Thursday, 1 December 2016

Significant increases in methane emissions


In view of Guy McPherson's visit I am reposting this.

Arctic methane gas emission 'significantly increased since 2014' - major new research 


04 October 2016

New expedition in Laptev Sea suggests increase in the rate of underwater permafrost degradation.

'The area of spread of methane mega-emissions has significantly increased in comparison with the data obtained in the period from 2011 to 2014.' Picture: TPU

The findings come from an expedition now underway led by Professor Igor Semiletov, of Tomsk Polytechnic University, on the research vessel 'Academic M.A. Lavrentyev' which left Tiksi on 24 September on a 40 day mission. 
The seeping of methane from the sea floor is greater than in previous research in the same area, notably carried out between 2011 and 2014. 
'The area of spread of methane mega-emissions has significantly increased in comparison with the data obtained in the period from 2011 to 2014,' he said. 'These observations may indicate that the rate of degradation of underwater permafrost has increased.'
Detailed findings will be presented at an international conference in Tomsk on 21 to 24 November. The research enables comparison with previously obtained data on methane emissions. 
Map

research vessel 'Academic M.A. Lavrentyev'
New expedition in Laptev Sea on the research vessel 'Academic M.A. Lavrentyev' which left Tiksi on 24 September, suggests increase in the rate of underwater permafrost degradation. Pictures: The Siberian Times, Pacific Oceanology Institute

Dr Semiletov and his team are paying special attention to clarify the role of the submarine permafrost degradation as a factor in emissions of the main greenhouse gases - carbon dioxide and methane - in the atmosphere. 
The team are examining how the ice plug that has hitherto prevented the exit of huge reserves of gas hydrates has today 'sprung a leak'. This shows in taliks - unfrozen surface surrounded by permafrost - through which powerful emissions of methane reach the atmosphere. 
Scientists are eager to determine the quantity of methane buried in those vast areas of the Siberian Arctic shelf and the impact it can have on the sensitive polar climate system.
Five years ago the professor has claimed: 'We found more than 100 fountains, some more than a kilometre across....These are methane fields on a scale not seen before. The emissions went directly into the atmosphere... Earlier we found torch or fountain-like structures like this... 
Taking samples

Taking samples
In 2104, the Russian professor said there were 500 abnormal fields of methane emissions. Picture: TPU

'This is the first time that we've found continuous, powerful and impressive seeping structures, more than 1,000 metres in diameter. It's amazing. Over a relatively small area, we found more than 100, but over a wider area, there should be thousands of them.' 
In 2013, his research partner Natalia Shakhova, a scientist at the University of Alaska Fairbanks, reported in journal Nature Geoscience, that the East Siberian Arctic Shelf was venting at least 17 teragrams of the methane into the atmosphere each year. A teragram is equal to 1 million tons.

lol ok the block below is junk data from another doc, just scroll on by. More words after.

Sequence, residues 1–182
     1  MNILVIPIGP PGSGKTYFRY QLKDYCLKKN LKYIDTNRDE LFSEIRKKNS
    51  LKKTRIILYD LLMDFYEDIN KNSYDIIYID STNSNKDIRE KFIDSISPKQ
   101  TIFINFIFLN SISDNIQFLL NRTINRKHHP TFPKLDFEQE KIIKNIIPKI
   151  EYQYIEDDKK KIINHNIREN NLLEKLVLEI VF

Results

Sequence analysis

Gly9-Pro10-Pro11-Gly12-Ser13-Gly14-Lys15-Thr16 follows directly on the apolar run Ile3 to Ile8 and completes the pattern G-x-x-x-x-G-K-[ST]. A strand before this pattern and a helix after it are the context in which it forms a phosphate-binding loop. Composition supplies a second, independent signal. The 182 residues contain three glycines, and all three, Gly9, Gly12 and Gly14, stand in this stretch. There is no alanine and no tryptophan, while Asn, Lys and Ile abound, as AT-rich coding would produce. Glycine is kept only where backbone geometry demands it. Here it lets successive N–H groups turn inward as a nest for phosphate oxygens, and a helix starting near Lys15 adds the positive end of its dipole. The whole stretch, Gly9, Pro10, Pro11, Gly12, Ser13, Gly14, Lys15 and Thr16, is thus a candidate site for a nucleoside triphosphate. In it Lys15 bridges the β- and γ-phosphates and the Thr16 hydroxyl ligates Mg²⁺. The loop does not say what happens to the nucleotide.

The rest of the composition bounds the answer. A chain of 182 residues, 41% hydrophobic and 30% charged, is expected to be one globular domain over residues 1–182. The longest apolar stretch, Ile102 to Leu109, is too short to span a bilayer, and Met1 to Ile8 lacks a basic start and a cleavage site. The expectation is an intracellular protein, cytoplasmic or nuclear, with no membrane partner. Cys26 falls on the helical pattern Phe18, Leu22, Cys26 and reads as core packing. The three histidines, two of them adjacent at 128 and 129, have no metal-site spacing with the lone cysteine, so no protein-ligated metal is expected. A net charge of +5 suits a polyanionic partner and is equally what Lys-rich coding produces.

'It is now on par with the methane being released from the arctic tundra, which is considered to be one of the major sources of methane in the Northern Hemisphere,' she said. 'Increased methane releases in this area are a possible new climate-change-driven factor that will strengthen over time.'
Methane is a greenhouse gas more than 30 times more potent than carbon dioxide. On land, methane is released when previously frozen organic material decomposes. 
Professor Igor Semiletov
Dr Semiletov and his team are paying special attention to clarify the role of the submarine permafrost degradation as a factor in emissions of the main greenhouse gases - carbon dioxide and methane - in the atmosphere. Picture: TPU

Under the seabed, methane can be stored as a pre-formed gas or as methane hydrates. While  the subsea permafrost remains frozen, it forms a cap, trapping the methane beneath. But holes are now developing through which the methane escapes. 
In 2104, the Russian professor said there were 500 abnormal fields of methane emissions.
The same year he explained: 'Emissions of methane from the East Siberian Shelf - which is the widest and most shallow shelf of the World Ocean - exceed the average estimate emissions of all the world's oceans. 
'We have reason to believe that such emissions may change the climate. This is due to the fact that the reserves of methane under the submarine permafrost exceed the methane content in the atmosphere is many thousands of times. 
Measurements

Measurements
Measurments performed during the international expedition SWERUS - C3 on the research vessel Oden in 2014. Pictures: Jorien Vonk

'If 3-4% from underwater will go into the atmosphere within 10 years, the methane concentration therein (in the atmosphere) will increase by tens to hundreds of times, and this can lead to rapid climate warming. This is due to the fact that the greenhouse effect of one molecule of methane is 20-30 times greater than one molecule of CO2.' 
The new expedition was organised by the Laboratory of Arctic Research in Pacific Oceanology Institute of the Far Eastern Branch of Russian Academy of Sciences in cooperation with Tomsk Polytechnic University (TPU), the Institute of Oceanology of the Russian Academy of Sciences, Institute of Atmospheric Physics, Russian Academy of Sciences, and was  funded by the Russian Government and the Russian Science Foundation.
The results of the expedition will be discussed at the international conference, which will be attended by scientists from 12 universities and institutes of Russia, Sweden, Netherlands, Great Britain and Italy. 


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